Prime Minister Scott Morrison is heading for trade talks with UK Prime Minister Boris Johnson in London after a three-day summit of leaders from some of the world's wealthiest countries wrapped up in the coastal resort of Carbis Bay.
The G7 leaders' final communique on Sunday included a vow to boost access to coronavirus vaccines across the world and an agreement to challenge China's "non-market" economic practices and call on the country to respect human rights.
The G7 group - the United Kingdom, United States, Canada, France, Germany, Italy and Japan - had invited the leaders of Australia, South Korea, South Africa and India to take part this year in a collective that Mr Johnson termed the "democratic 11".
Mr Morrison had announced after arriving in the UK on Friday that Australia would provide 20 million vaccine doses - a mix of Oxford-AstraZeneca, Pfizer-BioNTech and Moderna - to countries in Southeast Asia and the Pacific.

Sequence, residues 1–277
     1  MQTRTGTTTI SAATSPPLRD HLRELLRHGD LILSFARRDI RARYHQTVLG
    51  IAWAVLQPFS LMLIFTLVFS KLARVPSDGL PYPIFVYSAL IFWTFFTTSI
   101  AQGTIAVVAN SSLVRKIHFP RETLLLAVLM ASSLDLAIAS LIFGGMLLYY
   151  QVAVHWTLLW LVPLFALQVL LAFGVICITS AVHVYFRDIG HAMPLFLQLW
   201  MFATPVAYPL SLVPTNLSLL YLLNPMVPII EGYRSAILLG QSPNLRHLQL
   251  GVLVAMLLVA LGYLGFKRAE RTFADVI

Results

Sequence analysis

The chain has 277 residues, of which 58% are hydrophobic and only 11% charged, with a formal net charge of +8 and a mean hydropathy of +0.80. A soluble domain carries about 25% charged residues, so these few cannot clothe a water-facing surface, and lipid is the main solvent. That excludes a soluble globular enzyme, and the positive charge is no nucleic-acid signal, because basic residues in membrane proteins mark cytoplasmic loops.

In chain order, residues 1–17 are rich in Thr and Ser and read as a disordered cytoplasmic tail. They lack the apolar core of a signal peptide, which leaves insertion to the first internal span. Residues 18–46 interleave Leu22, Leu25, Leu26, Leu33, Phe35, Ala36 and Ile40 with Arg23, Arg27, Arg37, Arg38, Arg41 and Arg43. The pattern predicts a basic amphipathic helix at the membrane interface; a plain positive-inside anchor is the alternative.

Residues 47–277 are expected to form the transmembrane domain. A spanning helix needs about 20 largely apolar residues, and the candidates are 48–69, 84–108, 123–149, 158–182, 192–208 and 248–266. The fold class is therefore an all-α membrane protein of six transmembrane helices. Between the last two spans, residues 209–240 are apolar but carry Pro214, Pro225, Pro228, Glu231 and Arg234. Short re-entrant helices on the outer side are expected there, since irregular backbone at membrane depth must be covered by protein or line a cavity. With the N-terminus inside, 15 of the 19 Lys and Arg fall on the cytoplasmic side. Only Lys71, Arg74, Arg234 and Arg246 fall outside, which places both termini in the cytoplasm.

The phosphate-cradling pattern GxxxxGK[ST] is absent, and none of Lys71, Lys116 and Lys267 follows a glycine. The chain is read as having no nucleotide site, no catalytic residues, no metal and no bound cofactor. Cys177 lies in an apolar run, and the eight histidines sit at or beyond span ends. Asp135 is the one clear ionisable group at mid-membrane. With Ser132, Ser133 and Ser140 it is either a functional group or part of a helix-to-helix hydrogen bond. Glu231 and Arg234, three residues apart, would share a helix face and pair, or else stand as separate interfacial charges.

The prime minister took part in sessions on health, open societies and climate change during the summit and held one-on-one meetings with fellow attendees including the leaders of South Korea, Japan and Germany.
He also had a trilateral sit-down with Mr Johnson and US President Joe Biden.
The trio issued a joint statement saying they agreed "the strategic context in the Indo-Pacific was changing and that there was a strong rationale for deepening co-operation between the three governments".
Trade Minister Dan Tehan said on Sunday that enormous progress had been made on an Australia-UK free trade agreement in the past six weeks but it was unclear if a deal could be finalised while Mr Morrison was in the UK.
"We will continue discussions over the next 24, 48 hours in the hope of reaching an agreement," Mr Tehan told Sky News' Sunday Agenda program.
"But we have said all along that we want this to be an agreement of substance, we want to make sure it is in Australia's national interest and if we need to be patient we will be patient."
He said there is still a number of issues that need to be worked through - on agriculture, services and investment - and Australia wants to make sure that the agreement in principle document has everything in it.
Mr Tehan still hopes to be in position to sign an in-principal agreement in the next couple of days.
"But if we need more time, we will take more time," he said.
Australian Associated Press